Super Bowl ad time is about building brand.  Brand recall is essential and I don’t think most Americans remember which manufacturer had Muppets and which had the Matrix.  Volkswagen did a great job of reminding us that German engineering is keeping their brand at the head of the lifetime-value pack.  Chevrolet entertained with the romancing cows…and subtly reminded us that their trucks have great towing capacity.  Ford’s creative was underwhelming.  I guess Jaguar has more mass appeal now, given the volume cars like the X type and Maserati is pushing down to a more affordable ride with the Ghibli.  The latter two brands are not quite for the average household but they aim to push their brand into more households.

I dare you to recall which brand advertised the Doberman+Chihuahua ad.  (Don’t Google it until you have a guess.)  Funny commercial but for the multi-million dollar price tag, I want you to remember my ad.

New brands need to tie content to their brand.

Squarespace is relatively unknown—before and after the Super Bowl.  Their content should have told us more about what they stand for.  Chobani yogurt did a better job, with the bear looking for “natural ingredients.”  Dannon Oikos introduced humor and was a bit risqué with its ad.  The company got our attention with John Stamos but I think most Americans would be hard-pressed to recall which brand aired this commercial.  SodaStream got a big Hollywood start (Scarlett Johanssen) but their commercial fell flat (pun intended).  Beats is not a new brand but new-ish and they won.  Ellen Degeneres dancing to music.  Stellar!  Stephen Colbert sold some pistachios but for who?

JCPenney Needs a New Loyalty Program

loyalty program

JCPenney hired an Apple store executive as CEO with hopes of reviving the brand.  The new CEO has a vision for JCPenney but not a good enough view of the company’s customer base.  The company now needs a loyalty program to keep its current customers from deflecting.

Sales were in decline before Mr. Johnson’s arrival

You can’t really begin the JCPenney story with Ron Johnson, CEO since late 2011.  JCPenney’s sales were in decline before Mr. Johnson joined the company.  Unfortunately, they’ve taken a nosedive since he joined.  If we examine what happened, it’s rather easy to see that Mr. Johnson moved full speed ahead with a new strategy without understanding all of the issues and without really understanding the JCPenney shopper.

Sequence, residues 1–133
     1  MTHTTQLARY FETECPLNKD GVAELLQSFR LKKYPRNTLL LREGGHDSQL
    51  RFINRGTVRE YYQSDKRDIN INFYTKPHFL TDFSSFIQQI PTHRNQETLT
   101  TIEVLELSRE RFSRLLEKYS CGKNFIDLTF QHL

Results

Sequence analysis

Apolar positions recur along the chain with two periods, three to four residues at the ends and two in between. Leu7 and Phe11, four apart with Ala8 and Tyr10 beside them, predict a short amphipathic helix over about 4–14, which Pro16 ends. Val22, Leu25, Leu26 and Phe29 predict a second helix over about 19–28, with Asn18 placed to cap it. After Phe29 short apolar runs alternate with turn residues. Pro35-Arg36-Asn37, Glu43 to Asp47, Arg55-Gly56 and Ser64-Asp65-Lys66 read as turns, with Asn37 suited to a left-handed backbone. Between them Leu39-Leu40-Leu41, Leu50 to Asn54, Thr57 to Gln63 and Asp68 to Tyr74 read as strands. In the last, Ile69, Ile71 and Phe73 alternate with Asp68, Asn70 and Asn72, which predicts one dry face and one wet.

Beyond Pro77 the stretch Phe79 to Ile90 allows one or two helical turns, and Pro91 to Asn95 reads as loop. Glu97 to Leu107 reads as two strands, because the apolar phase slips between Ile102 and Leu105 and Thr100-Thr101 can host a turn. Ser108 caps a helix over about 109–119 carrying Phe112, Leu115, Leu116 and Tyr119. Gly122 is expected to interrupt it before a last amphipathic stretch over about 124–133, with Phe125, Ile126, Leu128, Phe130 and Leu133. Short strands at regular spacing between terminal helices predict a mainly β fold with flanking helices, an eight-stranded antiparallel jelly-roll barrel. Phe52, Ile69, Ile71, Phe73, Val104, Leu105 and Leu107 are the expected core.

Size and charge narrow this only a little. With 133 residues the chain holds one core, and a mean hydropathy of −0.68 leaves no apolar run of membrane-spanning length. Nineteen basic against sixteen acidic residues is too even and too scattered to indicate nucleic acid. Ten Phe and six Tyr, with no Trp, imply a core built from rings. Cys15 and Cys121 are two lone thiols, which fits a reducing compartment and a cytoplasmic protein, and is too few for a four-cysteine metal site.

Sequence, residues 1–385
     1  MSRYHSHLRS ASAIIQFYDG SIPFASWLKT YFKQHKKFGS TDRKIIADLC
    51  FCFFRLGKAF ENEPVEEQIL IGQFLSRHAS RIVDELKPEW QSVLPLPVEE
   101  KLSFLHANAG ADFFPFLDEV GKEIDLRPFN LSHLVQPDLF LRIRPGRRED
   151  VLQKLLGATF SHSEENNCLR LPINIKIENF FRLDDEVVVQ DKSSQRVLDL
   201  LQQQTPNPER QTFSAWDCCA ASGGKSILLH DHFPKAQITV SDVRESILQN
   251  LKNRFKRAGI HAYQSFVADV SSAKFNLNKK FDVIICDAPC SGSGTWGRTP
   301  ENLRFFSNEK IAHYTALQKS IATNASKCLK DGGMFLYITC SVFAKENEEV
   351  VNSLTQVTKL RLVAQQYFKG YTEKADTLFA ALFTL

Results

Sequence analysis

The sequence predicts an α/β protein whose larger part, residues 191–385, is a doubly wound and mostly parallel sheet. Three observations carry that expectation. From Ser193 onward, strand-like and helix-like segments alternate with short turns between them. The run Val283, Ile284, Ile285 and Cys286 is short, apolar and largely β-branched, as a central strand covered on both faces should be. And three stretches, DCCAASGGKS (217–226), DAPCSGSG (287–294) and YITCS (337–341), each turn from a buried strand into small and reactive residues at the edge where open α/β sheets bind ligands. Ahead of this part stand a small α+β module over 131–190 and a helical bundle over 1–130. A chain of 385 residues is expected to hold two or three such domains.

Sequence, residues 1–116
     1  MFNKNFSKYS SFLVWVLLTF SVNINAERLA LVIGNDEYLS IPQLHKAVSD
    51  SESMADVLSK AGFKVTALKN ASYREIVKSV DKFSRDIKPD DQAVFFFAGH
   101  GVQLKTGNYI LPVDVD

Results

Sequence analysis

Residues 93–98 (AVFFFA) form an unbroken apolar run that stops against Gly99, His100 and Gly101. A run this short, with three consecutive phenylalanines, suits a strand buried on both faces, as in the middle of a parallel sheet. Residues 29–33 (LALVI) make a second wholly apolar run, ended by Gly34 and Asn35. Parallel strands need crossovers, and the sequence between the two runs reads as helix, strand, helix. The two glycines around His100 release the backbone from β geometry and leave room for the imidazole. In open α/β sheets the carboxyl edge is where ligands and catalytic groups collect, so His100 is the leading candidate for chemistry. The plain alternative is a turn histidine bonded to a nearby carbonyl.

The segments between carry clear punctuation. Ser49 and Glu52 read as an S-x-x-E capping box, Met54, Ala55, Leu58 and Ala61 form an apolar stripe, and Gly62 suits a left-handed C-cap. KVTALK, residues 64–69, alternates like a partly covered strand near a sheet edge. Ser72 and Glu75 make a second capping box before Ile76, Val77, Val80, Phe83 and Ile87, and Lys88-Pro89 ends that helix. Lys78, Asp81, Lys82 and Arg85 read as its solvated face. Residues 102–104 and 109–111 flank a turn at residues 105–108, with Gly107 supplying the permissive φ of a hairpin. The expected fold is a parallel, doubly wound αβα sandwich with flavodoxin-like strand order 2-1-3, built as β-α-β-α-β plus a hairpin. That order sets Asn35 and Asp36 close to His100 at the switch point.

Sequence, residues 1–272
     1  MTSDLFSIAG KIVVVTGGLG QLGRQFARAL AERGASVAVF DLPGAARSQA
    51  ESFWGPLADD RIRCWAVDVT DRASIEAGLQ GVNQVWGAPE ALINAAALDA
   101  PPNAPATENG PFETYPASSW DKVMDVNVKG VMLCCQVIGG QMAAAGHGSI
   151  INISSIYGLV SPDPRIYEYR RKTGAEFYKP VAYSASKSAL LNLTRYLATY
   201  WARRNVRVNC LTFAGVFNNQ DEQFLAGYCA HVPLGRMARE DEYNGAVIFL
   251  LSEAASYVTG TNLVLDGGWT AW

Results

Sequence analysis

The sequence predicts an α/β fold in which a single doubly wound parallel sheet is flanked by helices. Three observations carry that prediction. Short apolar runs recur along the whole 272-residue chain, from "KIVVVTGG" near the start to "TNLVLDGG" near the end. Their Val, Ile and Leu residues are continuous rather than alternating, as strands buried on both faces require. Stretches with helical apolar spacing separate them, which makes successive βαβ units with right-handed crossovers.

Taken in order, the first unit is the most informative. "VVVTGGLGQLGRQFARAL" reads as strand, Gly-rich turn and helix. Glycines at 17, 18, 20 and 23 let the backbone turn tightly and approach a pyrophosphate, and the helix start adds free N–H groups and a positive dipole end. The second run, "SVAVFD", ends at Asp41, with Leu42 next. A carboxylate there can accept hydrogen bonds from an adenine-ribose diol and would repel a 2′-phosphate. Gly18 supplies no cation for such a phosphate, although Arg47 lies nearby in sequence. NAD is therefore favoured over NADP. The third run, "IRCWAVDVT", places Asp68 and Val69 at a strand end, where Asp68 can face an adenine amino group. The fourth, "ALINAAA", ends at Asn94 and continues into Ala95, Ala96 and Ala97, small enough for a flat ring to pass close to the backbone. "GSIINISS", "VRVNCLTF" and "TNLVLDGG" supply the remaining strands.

I’m sure Mr. Johnson understood that you can’t get Apple margins from a retailer like JCPenney.  And, I’m sure he understood that competition is more fierce in the apparel retail space than the technology retail space.  This isn’t a buy-the-iPod-because-there’s-no-equivalent-available game.

Keep your current customers happy

First thing, when you have $18 billion in sales, you want to keep your current customer happy.  A loyalty program will do that.  Changes likely will not. Seems that the first thing that happened was that the new regime said to the customer, you need a different in-store buying experience, you need to be weaned from discounting and you need to see JCPenney differently (change the advertising!).  Too much, too soon.  I personally like the new in-store boutiques at JCPenney.  They are fresh and modern and, I believe, still relevant to middle America.  BUT, taken with the other changes, customers thought they were footing the bill for the new showcases.  Not something they were willing to do.

Don’t ruin the sport

Shopping is a sport, of sorts.  Finding a bargain is the goal!  JCPenney took away all the goals.  No fair…and no fun!  But all is not lost for the company.  They can still bring back former shoppers; they are going to have to reward them for their loyalty.  Perhaps take a cue from the Starbucks loyalty card.  Discounts with frequent shopping, but, in the end, a greater share of wallet. If the company can develop a winning loyalty program, they may not go the way of Kmart.

I Love to Get My Groupon, but…

Groupon deal

Like most people, I love a good deal.  I tell my mother, my sister, my friends, anyone who will listen about any bargains I find and snag.  So, I signed up for Groupon and I’ve opened nearly every email they’ve sent me.  BUT, I just took a look at the new Groupon IPO filing and I’m not sure it makes sense to add “Groupon” to my Microsoft Word dictionary.

Here’s the problem.  Now that the creative accounting has been adjusted, it’s very clear that the company isn’t making any money and they have much to do to get to profitability.  According the filing, Groupon spent $6.40 to acquire new subscribers in first quarter of 2011.  (That was $208 million in marketing expenses for the incremental 32.5 million customers added in first quarter.)  But, Groupon’s gross profit—the money it gets after paying merchants from gross proceeds—is just $3.25 per subscriber.  (Compare $270 million in gross profit to 83 million total subscribers.)

How will Groupon close the gap?  They have several options:

  • Reduce marketing spend (Highly unlikely.  As Groupon notes in its filing:  “[W]e expect our operating expenses to increase significantly in the foreseeable future.”)
  • Increase the number of subscribers who become actual Groupon purchasers
  • Increase the number of Groupons each customer purchases
  • Increase the average revenue on each Groupon sold
  • Increase the number of relevant deals offered
  • Demand a higher percentage of the merchant deal (though this strategy is fraught with danger, given that the company currently extracts about 50% of revenue on every deal)
  • Focus the marketing spend on prospects that yield the highest conversion (subscriber-to-purchaser) rate
  • Optimize the presentation of deals so that more deals are sought out and “opened”

Here’s the tough part, Groupon purchasers are, by definition, looking for a deal.  They are accustomed to finding good deals and are being conditioned to do seek them out as more online couponers enter the market.  Deal-seekers aren’t usually brand loyalist.  So, when Yelp or OpenTable or Livingsocial or your local direct mail vendor-turned-online couponer presents a deal, the lowest-priced, relevant deal is the winner.  So, competition can and will significantly lower margins in this business.  The question is: Can Groupon get profitable and sustain profitability as more copycats enter the market?  We will soon see.